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Rapid permafrost thaw an unrecognized threat to landscape

It’s all part of a vicious cycle of climate feedback loops, and we have heard about what happens when a warming planet causes the permafrost to start thawing. When the permafrost thaws, it releases microbes that consume organic matter.

This, in turn, causes the release of CO2 and methane into the atmosphere. And it goes on – as more CO2 is released into the atmosphere, it causes even more warming and more melting and more CO2 emissions.

Permafrost covers about 24 percent of the exposed land in the Arctic that is frozen year-round, and the ice-rich permafrost soils can be up to 260 feet (80 meters) thick. But despite its name, permafrost is not always permanent. In areas further away from the Arctic Circle, permafrost can melt, even on a semi-regular basis.

File photo: A lake  which has no name and sits in the Northwest Territory s northern corner near the...

File photo: A lake, which has no name and sits in the Northwest Territory’s northern corner near the community of Fort McPherson, is a victim of the region’s geology and changing climate. In a dramatic example of how climate change is altering the Arctic landscape, the small northern lake has fallen off a cliff after bursting through the melting earthen rampart that restrained it. Date: Dec. 21, 2015.
Handout / Government of Northwest Territories

However, the University of Guelph scientist Merritt Turetsky and a team international researchers – in a study published in Nature Geoscience today – argue that without taking abrupt permafrost thaws into account, we’re underestimating the impact of permafrost thaw by 50 percent.

The study suggests that we are witnessing a rapid collapse of permafrost that can transform the landscape in mere months through subsidence, flooding, and landslides. “We are watching this sleeping giant wake up right in front of our eyes,” said Turetsky, who holds the Canada Research Chair in Integrative Ecology, per Eurekalert.

What’s going on?
Turetsky explains that the amount of carbon coming off a small range of permafrost (about 20 percent) under a rapid thaw is great enough to double the climate consequences. Some permafrost is frozen rock or even sand, and the study is not focused on that kind of permafrost.

Turetsky says the study focused on the kind of permafrost that contains a lot of water. “Where permafrost tends to be lake sediment or organic soils, the type of earth material that can hold a lot of water, these are like sponges on the landscape,” says Turetsky. “When you have thaw, we see really dynamic and rapid changes.”

Frozen water takes up more space than liquid water. So when permafrost thaws, it loses a good amount of its volume. As an analogy, think of freezing an ice cube tray of muddy water. When the tray is thawed, the muck will settle to the bottom of the tray.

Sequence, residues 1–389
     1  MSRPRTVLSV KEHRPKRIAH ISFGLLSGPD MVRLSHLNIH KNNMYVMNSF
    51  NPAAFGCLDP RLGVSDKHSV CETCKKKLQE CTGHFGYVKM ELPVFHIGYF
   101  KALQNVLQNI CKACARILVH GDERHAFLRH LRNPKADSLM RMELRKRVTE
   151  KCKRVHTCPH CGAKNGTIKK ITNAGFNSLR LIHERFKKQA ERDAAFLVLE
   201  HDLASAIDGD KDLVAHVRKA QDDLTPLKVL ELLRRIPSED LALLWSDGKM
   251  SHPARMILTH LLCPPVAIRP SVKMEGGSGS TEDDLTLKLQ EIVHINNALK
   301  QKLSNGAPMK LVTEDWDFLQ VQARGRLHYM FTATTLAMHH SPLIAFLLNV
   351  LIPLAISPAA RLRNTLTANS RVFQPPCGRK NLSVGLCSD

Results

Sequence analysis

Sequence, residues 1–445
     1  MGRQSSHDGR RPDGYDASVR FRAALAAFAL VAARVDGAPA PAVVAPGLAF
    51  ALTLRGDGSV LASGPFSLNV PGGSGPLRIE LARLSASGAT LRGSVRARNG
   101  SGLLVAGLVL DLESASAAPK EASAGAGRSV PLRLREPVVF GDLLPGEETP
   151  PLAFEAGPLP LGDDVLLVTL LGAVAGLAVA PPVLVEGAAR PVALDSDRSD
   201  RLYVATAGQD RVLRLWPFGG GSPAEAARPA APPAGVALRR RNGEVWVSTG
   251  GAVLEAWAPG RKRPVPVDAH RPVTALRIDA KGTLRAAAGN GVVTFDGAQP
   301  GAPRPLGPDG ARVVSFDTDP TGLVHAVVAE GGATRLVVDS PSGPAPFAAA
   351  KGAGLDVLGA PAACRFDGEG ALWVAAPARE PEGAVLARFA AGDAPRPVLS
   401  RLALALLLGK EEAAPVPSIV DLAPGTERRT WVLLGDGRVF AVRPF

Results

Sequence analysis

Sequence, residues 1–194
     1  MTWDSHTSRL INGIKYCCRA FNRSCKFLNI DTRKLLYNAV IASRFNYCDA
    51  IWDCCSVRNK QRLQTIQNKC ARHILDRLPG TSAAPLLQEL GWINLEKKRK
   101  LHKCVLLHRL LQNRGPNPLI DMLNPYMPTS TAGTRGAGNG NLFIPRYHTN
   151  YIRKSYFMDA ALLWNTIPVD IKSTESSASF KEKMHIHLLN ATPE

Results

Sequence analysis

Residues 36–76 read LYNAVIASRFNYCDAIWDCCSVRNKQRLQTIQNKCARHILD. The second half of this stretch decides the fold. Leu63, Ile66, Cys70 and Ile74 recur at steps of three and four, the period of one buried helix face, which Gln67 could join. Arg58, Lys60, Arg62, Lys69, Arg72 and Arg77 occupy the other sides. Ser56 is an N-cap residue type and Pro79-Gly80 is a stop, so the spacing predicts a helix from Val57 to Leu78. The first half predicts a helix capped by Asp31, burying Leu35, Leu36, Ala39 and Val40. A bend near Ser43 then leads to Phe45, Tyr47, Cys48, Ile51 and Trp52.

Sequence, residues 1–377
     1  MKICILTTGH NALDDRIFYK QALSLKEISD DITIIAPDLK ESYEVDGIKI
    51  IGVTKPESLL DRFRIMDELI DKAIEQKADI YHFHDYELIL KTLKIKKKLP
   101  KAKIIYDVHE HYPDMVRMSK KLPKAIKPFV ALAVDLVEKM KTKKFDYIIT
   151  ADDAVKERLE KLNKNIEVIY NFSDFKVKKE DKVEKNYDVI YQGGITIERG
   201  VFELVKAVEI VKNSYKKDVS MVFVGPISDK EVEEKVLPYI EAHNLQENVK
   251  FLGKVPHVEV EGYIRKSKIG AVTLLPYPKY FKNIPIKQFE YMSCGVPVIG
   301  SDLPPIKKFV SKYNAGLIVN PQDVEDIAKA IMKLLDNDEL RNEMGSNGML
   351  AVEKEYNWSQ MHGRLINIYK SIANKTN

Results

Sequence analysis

“That’s exactly what happens in these ecosystems when the permafrost has a lot of ice in it and it thaws,” says Turetsky. “Whatever was at the surface just slumps right down to the bottom. So you get these pits on the land, sometimes meters deep. They’re like sinkholes developing in the land.”

Besides the sinkholes and other landscape alterations caused by permafrost thawing, there are far-reaching effects that are concerning. When these lands thaw and the ice turns to liquid water, trees, shrubs, and grasses die off, causing more land to feel the effects of the warming climate, causing more thawing.

Rapid thawing is also altering the natural habitats of birds and animals which call the northern reaches home. When you think of permafrost regions, you might think of featureless tundras, but most are actually boreal forests. These northern forests have recently seen an unprecedented number of wildfires.

“Much of the boreal forest burns more and more often, and when the ecosystem burns, it can actually accelerate the permafrost thaw,” says David Olefeldt of the University of Alberta, a coauthor on the paper. “Without cover from these trees to shade it, the soil warms ever more intensely.”

Despite all the gloom, the researchers remain optimistic. “If we can limit human emissions, we can still curb the most dangerous consequences of climate warming. Our window for action is getting narrow, but we still have it and can make changes to save the Arctic as we know it, and the Earth’s climate along with it,” says Turetsky.

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We are deeply saddened to announce the passing of our dear friend Karen Graham, who served as Editor-at-Large at Digital Journal. She was 78 years old. Karen's view of what is happening in our world was colored by her love of history and how the past influences events taking place today. Her belief in humankind's part in the care of the planet and our environment has led her to focus on the need for action in dealing with climate change. It was said by Geoffrey C. Ward, "Journalism is merely history's first draft." Everyone who writes about what is happening today is indeed, writing a small part of our history.

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